Kennedy to stick with new technique
Josh Kennedy. Pic: Getty Images

Coleman Medal contender Josh Kennedy says he is committed to sticking with his new goal-kicking routine despite suffering from the worst conversion rate of his 126-game AFL career.

The Eagles spearhead has made a conscious decision to eliminate his trademark stuttering run-up while kicking at goal from set shots over the past fortnight.

And the club's leading goal kicker said he had no intention of returning to the old habit for now despite managing just 4.7 during a spell where the team's poor conversion up forward has cost them with three consecutive defeats.

West Coast are in seventh spot heading into Sunday's western derby at Patersons Stadium on the back of kicking a combined total of 23.39 during the barren run.

The one major plus is the possible return of Shannon Hurn from a knee injury.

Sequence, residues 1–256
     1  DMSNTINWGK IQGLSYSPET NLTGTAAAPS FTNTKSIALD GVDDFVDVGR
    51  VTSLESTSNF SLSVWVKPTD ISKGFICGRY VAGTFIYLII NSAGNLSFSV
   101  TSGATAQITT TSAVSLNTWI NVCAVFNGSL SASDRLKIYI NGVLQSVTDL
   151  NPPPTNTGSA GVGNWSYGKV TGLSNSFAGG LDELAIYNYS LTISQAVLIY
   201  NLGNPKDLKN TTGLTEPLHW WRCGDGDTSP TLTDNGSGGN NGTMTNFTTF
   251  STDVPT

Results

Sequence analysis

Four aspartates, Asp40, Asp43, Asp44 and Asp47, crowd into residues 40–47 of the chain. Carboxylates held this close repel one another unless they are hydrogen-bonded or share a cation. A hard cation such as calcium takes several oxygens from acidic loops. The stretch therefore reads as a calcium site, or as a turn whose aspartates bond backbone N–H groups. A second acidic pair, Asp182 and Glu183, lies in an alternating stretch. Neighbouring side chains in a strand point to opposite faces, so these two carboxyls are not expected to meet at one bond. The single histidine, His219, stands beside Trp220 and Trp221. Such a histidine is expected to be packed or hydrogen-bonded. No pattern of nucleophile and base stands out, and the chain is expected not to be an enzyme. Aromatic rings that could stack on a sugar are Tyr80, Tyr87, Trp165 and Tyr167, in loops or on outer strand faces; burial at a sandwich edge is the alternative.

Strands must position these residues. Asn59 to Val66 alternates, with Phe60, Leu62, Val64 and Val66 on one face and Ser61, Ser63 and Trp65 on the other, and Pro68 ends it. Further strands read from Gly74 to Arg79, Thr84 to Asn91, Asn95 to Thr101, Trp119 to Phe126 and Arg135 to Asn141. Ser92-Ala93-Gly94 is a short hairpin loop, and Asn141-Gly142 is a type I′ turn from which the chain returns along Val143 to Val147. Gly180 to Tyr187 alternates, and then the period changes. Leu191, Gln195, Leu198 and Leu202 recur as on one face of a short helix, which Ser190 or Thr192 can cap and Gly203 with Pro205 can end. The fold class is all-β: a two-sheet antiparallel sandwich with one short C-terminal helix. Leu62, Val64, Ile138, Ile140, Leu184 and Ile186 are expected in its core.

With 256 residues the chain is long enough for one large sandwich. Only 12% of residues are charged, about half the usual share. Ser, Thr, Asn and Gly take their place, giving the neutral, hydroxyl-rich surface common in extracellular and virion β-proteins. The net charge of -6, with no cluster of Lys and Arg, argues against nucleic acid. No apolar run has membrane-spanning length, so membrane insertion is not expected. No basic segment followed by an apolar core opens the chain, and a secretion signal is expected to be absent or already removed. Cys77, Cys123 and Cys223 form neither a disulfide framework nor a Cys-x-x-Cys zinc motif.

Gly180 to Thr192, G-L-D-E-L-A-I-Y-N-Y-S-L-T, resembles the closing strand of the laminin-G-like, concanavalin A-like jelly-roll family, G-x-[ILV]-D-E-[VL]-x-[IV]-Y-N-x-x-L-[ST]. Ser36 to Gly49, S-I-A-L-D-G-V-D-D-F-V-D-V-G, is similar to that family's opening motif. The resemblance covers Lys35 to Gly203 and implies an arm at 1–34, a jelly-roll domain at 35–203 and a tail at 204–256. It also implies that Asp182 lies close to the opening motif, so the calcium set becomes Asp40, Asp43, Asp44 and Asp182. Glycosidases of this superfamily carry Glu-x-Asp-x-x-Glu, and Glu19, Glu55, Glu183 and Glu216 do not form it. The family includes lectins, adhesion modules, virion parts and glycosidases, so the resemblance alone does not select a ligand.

He needs to pass a fitness test to be cleared for the derby.

The Eagles have ruled out Xavier Ellis (calf) for the second straight week.

Kennedy, 26, has booted 12.11 so far this year at a conversion rate of 52.2 per cent.

It is a far cry from last season when he kicked a career-best 60.23 to finish fourth in the Coleman Medal race at a time when the stutter was more pronounced than ever.

Only Fremantle forward Chris Mayne and Hawthorn's grand final hero Jack Gunston bettered Kennedy's 72.3 per cent conversion rate out of the league's top 20 goal kickers in 2013.

However, Kennedy said he was committed to keeping his altered technique.

"I'm just looking to smooth it out," he said.

"It was starting to put a bit of a risk on my balance on the footy.

"It's probably evolved into something that was good at the time, but at this current stage I don't feel like it's the best for me."

Inaccuracy also cost West Coast dearly in the early part of last season, with the club ruing their conversion in losses to Port Adelaide and Carlton across rounds four and five.

Kennedy conceded inaccuracy could cost the side a place in the finals if it was not fixed.

"If our skill level's down and we're not using the ball well and we're not kicking goals, then obviously you won't be winning games," he said.

The West Australian

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